2. We both agree that helping film makers make the best possible movie they can, should be our goal. I believe this thread is completely valid, because it’s one of the things that new film makers feel the necessity to do. It’s not. Yes, it does at times all the things you state. But, the majority of time it does nothing. If a viewer needs that constant moving to stay interested there’s two things 1) the story or acting sucks. In which case nothing will help. 2) They’re not worth having as a viewer. You shoot for the story, not the audience. If it doesn’t aid the story, omit it. If a film maker has the time to accomplish his moving shot, that’s great. If they don’t, they shouldn’t. If they want to practice moving shots, they should do it when there isn’t people waiting around wasting time.

3) All the things you mention that film makers do that they spend too much time on, is while they’re alone. Moving cameras is a production thing that eats time. Which is something that new film makers don’t have much of.

4. You wrote in your first post “Story is not necessarily the most important thing”. and you reiterated it here. Get that out of your head. Nothing is more important than story.

The following is about budgeted film makers. Do you think any film maker could raise capital if they believe the script is mediocre at best? Or if they think it sucks. Every film maker believes the movie they’re about to shoot is going to be gold. They couldn’t go in any other way. Some movies are great and others suck. But, no one goes in thinking this sucks. They all start at the same place with a script they believe in. Because story is the most important thing.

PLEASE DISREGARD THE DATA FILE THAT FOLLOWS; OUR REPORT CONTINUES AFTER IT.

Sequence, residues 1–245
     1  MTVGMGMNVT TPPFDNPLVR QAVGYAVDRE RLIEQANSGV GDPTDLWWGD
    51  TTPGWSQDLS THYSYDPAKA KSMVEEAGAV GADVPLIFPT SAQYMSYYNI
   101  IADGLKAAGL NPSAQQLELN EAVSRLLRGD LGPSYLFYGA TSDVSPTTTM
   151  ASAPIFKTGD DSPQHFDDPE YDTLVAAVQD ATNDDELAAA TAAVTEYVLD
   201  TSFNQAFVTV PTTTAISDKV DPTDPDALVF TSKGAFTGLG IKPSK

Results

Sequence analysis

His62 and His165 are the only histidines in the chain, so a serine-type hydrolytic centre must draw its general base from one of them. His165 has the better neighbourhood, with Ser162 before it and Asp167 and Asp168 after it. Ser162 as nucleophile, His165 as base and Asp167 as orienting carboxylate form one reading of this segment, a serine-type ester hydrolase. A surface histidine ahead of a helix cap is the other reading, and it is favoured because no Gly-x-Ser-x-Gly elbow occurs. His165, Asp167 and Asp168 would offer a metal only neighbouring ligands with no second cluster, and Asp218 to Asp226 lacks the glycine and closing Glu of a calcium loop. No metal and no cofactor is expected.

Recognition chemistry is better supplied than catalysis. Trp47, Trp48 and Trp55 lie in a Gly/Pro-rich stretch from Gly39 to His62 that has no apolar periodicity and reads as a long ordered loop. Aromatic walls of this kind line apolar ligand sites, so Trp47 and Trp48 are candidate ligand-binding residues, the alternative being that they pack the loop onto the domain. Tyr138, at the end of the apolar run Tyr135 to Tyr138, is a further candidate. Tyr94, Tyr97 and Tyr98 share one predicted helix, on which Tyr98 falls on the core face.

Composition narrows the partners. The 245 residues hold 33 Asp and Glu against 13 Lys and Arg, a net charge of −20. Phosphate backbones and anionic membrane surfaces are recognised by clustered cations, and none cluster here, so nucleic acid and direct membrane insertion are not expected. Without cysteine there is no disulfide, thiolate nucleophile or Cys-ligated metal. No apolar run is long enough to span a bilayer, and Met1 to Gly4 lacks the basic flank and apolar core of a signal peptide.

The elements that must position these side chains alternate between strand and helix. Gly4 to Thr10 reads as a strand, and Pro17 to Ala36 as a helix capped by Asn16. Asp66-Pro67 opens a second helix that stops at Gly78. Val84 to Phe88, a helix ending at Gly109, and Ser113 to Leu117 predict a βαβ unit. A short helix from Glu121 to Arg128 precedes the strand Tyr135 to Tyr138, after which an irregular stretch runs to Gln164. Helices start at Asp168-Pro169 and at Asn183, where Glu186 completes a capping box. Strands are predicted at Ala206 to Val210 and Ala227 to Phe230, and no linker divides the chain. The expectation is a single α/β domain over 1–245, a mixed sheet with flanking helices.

filmmaker6563
03-17-2014, 01:11 PM
1. Besides the site owner, this entire site is made up of micro/no budget film makers. I seriously doubt that the moral minority have spent over $20,000 on a full length feature. I haven’t even come close to spending that on my entire musical/film making career. I’ve recorded 4 albums and made 2 movies. So, putting in about micro/no budget is repeating the obvious. They’re the only ones seeing any of this.

Fair enough. I'll give you that one.


2. We both agree that helping film makers make the best possible movie they can, should be our goal. I believe this thread is completely valid, because it’s one of the things that new film makers feel the necessity to do.

Okay, well it's glad we agree that our goal is to help other filmmakers. While some new filmmakers feel that camera movement is a necessity, why does it matter? They're beginning filmmakers. By experimenting with certain techniques and ideas, they're developing their style and getting comfortable with how to make films. I don't think that we should limit them in terms of experimentation (something I believe is lacking the film industry).


It’s not. Yes, it does at times all the things you state. But, the majority of time it does nothing.

I find often times camera movement does something, not nothing <---- like the statement above, this is an opinion... no point in arguing our opinions, that's just fighting over person taste... which to me is pointless... I'm not saying that you're wrong, it's just pointless to argue this statement, IMO. ;)


If a viewer needs that constant moving to stay interested there’s two things 1) the story or acting sucks.

Well, not necessarily. Acting or story being horrible usually won't be made up for with camera movement. Camera movement is usually used to generate suspense, tension, action, or energy. Sometimes acting and story cannot provide that energy, so camera movement is used to assist the story and acting of the film, or to further push the tone and style of the film.


In which case nothing will help. 2) They’re not worth having as a viewer. You shoot for the story, not the audience. If it doesn’t aid the story, omit it. If a film maker has the time to accomplish his moving shot, that’s great. If they don’t, they shouldn’t. If they want to practice moving shots, they should do it when there isn’t people waiting around wasting time.